Rather fewer people get to see the Midwinter Sunset at Stonehenge. The main axis of the monument centres on the Midsummer sunrise and the Midwinter sunset. For the past few years, English Heritage have opened it for the Midwinter sunrise, which slightly misses the point. Both the summer and winter ceremonies are featured in my novel, Undreamed Shores. It is difficult to imagine just what the experience would have felt like and signified to a man or woman four or five thousand years ago, witnessing it for the first time. You enter a narrow passage in the pitch dark at the behest of a priest, shaman or elder, who tells you that the god will appear to you personally, and it then happens! What would one feel? Fear? Awe? Amazement?

Unless you have won the lottery (literally – there now is a lottery for admission), you won’t be able to greet the sunrise at Newgrange tomorrow morning. You can, however, follow it on a live webcam from around 0730 GMT at I am not sure of the current arrangements at Maes Howe – when I went, one had only to turn up – but again, there is a live webcam from around 1530 GMT at

If you miss these, or if the weather fails to oblige, you will find prior recordings at:


Mark Patton's novels, Undreamed Shores, An Accidental King and Omphalos, are published by Crooked Cat Publications, and can be pucrhased from Amazon

Thursday, 13 December 2012

The Year's Midnight

'Tis the year's midnight, and it is the day's,

Lucy's, who scarce seven hours herself unmasks;

The sun is spent, and now his flasks

Send forth light squibs, no constant rays;

The world's whole sap is sunk;

The general balm th' hydroptic earth hath drunk,

Whither, as to the bed's feet, life is shrunk,

Dead and interr'd; yet all these seem to laugh,

Compar'd with me, who am their epitaph.”

John Donne, “A Nocturnal upon Saint Lucy’s Day.”

Donne’s poem is dated 13th December, 1627. The 13th December was then, and still is, Saint Lucy’s day; but it no longer marks, as it did in 1627, the Winter Solstice. Donne lived his life according to the Julian Calendar, whilst we (post-1752) live ours according to the Gregorian (a fact to be borne in mind by those of us who write historical fiction and care about whether a particular date in a certain year fell on a Sunday or a Tuesday, or whether the moon would have been full on the night our characters set sail from a certain port). The Winter Solstice now falls on 21st December (same day in solar terms, different position in our human calendar). Donne’s “Nocturnal” is, on the one hand, a lamentation on the human experience of bereavement and, on the other, a meditation on the transience of life and its concerns. Donne draws an explicit link between the low point of the solar year (the Winter Solstice) and the low point in the life of an individual (the death of the person he most loves).

 The Braque Family Triptych, by Rogier van der Weyden, Musee du Louvre, Paris.

In making this connection, Donne is drawing on a much older theme, a link between death and the Winter Solstice. That the Winter Solstice was marked in prehistory has long been understood. The principle axis of Stonehenge, for example, is solsticial, with key alignments based on sunrise at the Summer Solstice and sunset at the Winter Solstice. A team of archaeologists led by Professor Mike Parker-Pearson have recently argued that the Winter Solstice at Stonehenge may have been more significant than the Summer Solstice, linked to their understanding of the site as a funerary monument. The winter sunset would be viewed from the Avenue, almost certainly the ceremonial approach to the monument, whereas the summer sunrise would have to be viewed from the other side of the monument, or from within it.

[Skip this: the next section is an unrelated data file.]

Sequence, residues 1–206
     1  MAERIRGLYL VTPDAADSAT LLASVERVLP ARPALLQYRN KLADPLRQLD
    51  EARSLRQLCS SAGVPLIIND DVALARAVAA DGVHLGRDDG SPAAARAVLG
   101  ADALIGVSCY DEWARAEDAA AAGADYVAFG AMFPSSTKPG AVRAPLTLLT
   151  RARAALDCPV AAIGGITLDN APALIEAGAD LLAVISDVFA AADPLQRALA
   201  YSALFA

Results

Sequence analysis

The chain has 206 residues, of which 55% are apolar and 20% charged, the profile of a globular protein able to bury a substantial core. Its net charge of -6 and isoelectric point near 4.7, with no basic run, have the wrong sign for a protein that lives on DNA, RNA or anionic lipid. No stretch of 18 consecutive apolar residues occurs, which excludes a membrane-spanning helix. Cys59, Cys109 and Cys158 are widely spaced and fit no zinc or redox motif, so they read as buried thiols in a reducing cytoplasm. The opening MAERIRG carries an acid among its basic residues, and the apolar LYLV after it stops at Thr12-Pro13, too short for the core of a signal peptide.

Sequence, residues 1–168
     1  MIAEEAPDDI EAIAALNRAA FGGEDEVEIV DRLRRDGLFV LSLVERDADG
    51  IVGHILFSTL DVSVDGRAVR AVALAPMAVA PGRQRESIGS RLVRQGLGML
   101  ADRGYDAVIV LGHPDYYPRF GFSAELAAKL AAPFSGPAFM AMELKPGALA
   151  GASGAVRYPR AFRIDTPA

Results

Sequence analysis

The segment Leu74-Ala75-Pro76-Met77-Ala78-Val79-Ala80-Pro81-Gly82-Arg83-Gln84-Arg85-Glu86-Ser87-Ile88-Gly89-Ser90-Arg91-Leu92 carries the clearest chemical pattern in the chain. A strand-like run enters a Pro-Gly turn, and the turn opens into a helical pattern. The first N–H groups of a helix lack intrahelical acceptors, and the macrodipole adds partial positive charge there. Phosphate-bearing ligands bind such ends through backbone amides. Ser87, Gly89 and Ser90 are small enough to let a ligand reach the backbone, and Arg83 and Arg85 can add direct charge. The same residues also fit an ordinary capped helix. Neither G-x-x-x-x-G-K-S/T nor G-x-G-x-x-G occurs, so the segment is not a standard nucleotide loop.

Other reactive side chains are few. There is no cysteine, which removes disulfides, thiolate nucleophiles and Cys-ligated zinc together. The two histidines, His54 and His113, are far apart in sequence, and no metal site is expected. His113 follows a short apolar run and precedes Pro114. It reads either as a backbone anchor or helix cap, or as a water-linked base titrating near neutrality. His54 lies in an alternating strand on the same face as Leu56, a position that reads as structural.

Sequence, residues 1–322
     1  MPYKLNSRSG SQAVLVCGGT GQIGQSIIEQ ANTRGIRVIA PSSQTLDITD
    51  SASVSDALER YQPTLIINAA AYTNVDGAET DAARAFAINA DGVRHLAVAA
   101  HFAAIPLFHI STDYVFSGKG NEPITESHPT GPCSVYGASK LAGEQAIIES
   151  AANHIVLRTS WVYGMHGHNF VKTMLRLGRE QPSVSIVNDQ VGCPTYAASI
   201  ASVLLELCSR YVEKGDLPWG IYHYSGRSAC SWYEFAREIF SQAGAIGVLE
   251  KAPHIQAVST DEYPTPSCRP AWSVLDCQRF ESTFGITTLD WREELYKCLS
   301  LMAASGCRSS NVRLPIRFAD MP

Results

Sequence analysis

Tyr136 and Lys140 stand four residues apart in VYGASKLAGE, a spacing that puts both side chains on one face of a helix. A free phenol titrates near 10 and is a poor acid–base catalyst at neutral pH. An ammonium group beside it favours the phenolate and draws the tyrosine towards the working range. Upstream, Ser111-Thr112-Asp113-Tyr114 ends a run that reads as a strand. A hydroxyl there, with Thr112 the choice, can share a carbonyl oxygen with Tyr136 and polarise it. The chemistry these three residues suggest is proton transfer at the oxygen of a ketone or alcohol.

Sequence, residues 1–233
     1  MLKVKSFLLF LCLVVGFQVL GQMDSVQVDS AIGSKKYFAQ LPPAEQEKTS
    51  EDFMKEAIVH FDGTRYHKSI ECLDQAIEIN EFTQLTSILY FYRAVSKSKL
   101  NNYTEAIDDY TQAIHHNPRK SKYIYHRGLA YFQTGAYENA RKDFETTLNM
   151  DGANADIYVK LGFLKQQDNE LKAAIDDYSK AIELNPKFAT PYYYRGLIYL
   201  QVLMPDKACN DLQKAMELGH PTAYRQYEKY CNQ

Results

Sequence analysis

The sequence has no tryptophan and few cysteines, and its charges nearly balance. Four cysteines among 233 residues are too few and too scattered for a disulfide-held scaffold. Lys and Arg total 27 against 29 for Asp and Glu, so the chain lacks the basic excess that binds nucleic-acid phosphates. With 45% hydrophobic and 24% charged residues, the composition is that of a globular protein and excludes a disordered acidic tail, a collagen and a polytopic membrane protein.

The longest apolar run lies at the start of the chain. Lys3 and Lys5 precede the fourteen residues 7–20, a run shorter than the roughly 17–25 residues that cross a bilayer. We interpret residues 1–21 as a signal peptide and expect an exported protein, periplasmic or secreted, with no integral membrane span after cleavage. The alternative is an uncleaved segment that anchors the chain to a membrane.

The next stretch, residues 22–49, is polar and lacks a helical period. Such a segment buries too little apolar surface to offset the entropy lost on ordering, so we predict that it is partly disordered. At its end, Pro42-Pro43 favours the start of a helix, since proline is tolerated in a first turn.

Stonehenge in Winter.

In my novel, Undreamed Shores, I depict both a winter and a summer ceremony at Stonehenge. I have more people from a wider area participating in the summer ceremony (in a society without permanent bridges, it would be difficult to travel around a landscape in which the rivers are likely to be in flood), but it is the winter ceremony that I describe in greatest detail (for the simple narrative reason that this is the first ceremony experienced by my protagonist at the site).

 The Lin Brook (a tributary of the Salisbury Avon, which runs past Stonehenge - "the River Elawar" in Undreamed Shores) in flood.

Given that the Stonehenge Avenue connects the monument to the river, it is likely that the Winter Solstice ceremonies involved some form of procession along the river from the settlement of Durrington Walls and, in the novel, my heroine, Nanti, explains this to my protagonist, Amzai:

All our life is a journey, and death too. We can no more go back to childhood than the dead can come back to the world of the living. Like the river, life has its twists and turns, and we don’t always know where it will take us, except that, one way or another, it will always carry us forwards, never backwards. The river can’t run uphill…Each drop of water flows along the river only once, just as each person lives only one life here…And at the end of the river, each drop of water flows into a new and different world, that of the sea, just as, at the end of our lives here, we are taken into another world…of which we know little.”

 Mark Patton's novels, Undreamed Shores, An Accidental King and Omphalos, are published by Crooked Cat Publications, and can be purchased from Amazon

Saturday, 24 November 2012

The Age of Bronze in Prehistory, Art and Fiction